# Material Volume Measurement

## Chapter 26 - Signal Characterization in Control Systems

A variety of technologies exist to measure the quantity of stored material in a vessel. For liquid applications, hydrostatic pressure, radar, ultrasonic, and tape-and-float are just a few of the more common technologies:

These measuring technologies share a common trait: they infer the quantity of material stored in the vessel by measuring height. If the vessel in question has a constant cross-sectional area throughout its working height (e.g. a vertical cylinder), then material height will directly correspond to stored material volume. However, if the vessel in question does not have a constant cross-sectional area throughout its height, the relationship between material height and material volume will not be linear.

For example, there is a world of difference between the height/volume functions for a vertical cylinder versus a horizontal cylinder:

The volume function for a vertical cylinder is a simple matter of geometry – height ($$h$$) multiplied by the cylinder’s cross-sectional area ($$\pi r^2$$):

$V = \pi r^2 h$

Calculating the volume of material stored inside a horizontal cylinder as a function of material height ($$h$$) is a far more complicated matter, because the cross-sectional area is not constant. The solution to this problem is an exercise in integral calculus, the final result being this unwieldy function:

$V = L \left[ (h-r) \sqrt{2hr - h^2} + r^2 \sin^{-1}{(h-r) \over r} + {\pi r^2 \over 2} \right]$

Any instrumentation system inferring stored material volume by measurement of material height in a horizontal cylinder must somehow apply this formula on a continuous basis. This is a prime example of how digital computer technology is essential to certain continuous measurement applications!

Spherical vessels, such as those used to store liquefied natural gas (LNG) and butane, present a similar challenge: the material height/volume function is more complicated than for a vertical cylinder because the cross-sectional area of a spherical vessel changes with height. Once again an exercise in integral calculus is necessary to derive a formula for calculating the stored volume of material inside a sphere based on material height:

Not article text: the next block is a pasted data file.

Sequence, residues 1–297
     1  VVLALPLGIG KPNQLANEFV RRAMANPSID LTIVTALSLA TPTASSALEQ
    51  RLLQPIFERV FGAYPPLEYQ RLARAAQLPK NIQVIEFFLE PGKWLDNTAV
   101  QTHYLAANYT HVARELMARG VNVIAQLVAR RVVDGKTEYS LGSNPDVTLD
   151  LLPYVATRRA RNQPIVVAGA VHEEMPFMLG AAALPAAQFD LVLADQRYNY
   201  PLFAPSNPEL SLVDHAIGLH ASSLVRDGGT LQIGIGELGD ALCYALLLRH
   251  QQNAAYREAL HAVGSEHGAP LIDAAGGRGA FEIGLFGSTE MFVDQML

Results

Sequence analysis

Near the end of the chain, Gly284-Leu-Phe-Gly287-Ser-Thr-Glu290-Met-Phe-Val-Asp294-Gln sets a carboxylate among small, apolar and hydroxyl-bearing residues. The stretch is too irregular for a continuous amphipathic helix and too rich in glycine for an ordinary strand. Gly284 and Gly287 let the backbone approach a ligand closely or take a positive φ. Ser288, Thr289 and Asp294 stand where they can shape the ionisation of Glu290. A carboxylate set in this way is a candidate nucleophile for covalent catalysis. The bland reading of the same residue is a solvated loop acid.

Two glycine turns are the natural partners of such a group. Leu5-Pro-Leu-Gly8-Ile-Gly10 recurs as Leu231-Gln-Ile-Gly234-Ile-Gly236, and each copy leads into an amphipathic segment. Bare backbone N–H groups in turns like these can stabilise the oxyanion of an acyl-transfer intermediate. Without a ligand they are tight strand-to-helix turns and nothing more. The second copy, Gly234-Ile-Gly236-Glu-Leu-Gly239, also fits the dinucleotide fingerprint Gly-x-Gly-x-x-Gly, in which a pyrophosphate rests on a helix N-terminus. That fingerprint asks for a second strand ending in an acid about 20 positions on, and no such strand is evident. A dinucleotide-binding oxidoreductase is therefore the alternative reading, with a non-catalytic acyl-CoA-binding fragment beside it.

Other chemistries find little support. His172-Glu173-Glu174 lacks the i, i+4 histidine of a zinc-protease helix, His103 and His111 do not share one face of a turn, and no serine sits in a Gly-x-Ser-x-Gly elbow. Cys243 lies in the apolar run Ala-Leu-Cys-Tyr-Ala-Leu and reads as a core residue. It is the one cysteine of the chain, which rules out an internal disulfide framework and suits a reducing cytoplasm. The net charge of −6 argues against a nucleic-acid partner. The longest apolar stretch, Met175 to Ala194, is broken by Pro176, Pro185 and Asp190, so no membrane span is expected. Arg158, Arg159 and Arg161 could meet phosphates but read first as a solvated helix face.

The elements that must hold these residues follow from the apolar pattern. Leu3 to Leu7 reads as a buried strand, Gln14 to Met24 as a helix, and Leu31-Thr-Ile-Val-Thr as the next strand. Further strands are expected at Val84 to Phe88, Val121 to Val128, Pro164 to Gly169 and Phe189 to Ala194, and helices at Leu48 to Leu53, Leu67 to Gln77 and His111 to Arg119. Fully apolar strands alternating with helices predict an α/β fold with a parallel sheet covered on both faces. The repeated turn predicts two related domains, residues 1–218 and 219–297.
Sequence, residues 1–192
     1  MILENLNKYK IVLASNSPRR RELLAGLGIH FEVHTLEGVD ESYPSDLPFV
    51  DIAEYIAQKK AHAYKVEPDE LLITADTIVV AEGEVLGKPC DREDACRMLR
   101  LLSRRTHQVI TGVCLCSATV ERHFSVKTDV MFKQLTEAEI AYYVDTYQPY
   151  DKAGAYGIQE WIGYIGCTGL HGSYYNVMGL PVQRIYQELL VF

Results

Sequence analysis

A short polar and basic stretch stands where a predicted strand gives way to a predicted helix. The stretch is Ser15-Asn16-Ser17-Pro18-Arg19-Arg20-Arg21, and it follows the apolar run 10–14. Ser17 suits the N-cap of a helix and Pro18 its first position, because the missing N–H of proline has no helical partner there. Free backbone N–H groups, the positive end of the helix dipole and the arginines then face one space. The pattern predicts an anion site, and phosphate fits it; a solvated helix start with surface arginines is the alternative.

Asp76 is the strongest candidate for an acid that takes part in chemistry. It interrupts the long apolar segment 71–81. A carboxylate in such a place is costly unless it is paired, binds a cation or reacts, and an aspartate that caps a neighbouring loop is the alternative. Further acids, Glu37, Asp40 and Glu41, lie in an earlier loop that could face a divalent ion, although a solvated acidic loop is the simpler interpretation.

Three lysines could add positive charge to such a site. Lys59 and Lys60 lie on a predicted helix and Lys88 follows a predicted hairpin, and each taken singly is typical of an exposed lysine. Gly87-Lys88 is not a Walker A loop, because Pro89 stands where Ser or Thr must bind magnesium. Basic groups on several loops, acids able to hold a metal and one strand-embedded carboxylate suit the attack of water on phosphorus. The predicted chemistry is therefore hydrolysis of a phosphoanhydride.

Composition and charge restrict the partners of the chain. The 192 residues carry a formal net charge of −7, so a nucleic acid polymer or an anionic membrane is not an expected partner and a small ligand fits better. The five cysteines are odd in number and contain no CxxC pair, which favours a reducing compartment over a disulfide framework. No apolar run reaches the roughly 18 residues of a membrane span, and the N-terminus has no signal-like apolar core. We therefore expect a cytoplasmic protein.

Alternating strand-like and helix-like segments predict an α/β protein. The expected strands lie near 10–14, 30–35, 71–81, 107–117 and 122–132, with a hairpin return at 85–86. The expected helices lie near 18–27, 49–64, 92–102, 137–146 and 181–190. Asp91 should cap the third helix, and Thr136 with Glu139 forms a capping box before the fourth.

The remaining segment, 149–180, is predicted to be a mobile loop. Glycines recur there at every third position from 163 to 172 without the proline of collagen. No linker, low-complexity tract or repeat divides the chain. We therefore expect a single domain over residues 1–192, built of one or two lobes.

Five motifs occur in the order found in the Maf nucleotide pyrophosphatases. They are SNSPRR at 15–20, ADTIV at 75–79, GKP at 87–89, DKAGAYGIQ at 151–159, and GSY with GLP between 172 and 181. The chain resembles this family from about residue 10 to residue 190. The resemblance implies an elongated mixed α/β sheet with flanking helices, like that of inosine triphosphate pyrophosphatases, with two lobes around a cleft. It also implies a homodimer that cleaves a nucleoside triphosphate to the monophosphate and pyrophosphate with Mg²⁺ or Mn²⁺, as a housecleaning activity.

Whereas the material volume function for a vertical cylinder is a simple linear formula ($$V = \pi r^2 h$$), the material volume formula for a sphere is a bit more complicated although not as complicated as it is for a horizontal cylinder:

$V = \pi h^2 \left(r - {h \over 3}\right)$

This function will “un-do” the inherent height/volume nonlinearity of a spherical vessel, allowing a height measurement to translate directly into a volume measurement. A “characterizing” function such as this is typically executed in a digital computer connected to the level sensor, or sometimes in a computer chip within the sensor device itself.

An interesting alternative to a formal equation for linearizing the level measurement signal is something called a multi-segment characterizer function, typically implemented as a function block inside a digital loop controller or distributed control system (DCS). This is an example of what mathematicians call a piecewise function: a function made up of line segments. Multi-segment characterizer functions may be programmed to emulate virtually any continuous function, with reasonable accuracy:

The computer correlates the input signal (height measurement, $$h$$) to a point on this piecewise function, linearly interpolating between the nearest pair of programmed coordinate points. The number of points available for multi-point characterizers varies between ten and one hundred832 depending on the desired accuracy and the available computing power.

Although true fans of math might blanch at the idea of approximating an inverse function for level measurement using a piecewise approach rather than simply implementing the correct continuous function, the multi-point characterizer technique does have certain practical advantages. For one, it is readily adaptable to any shape of vessel, no matter how strange. Take for instance this vessel, made of separate cylindrical sections welded together: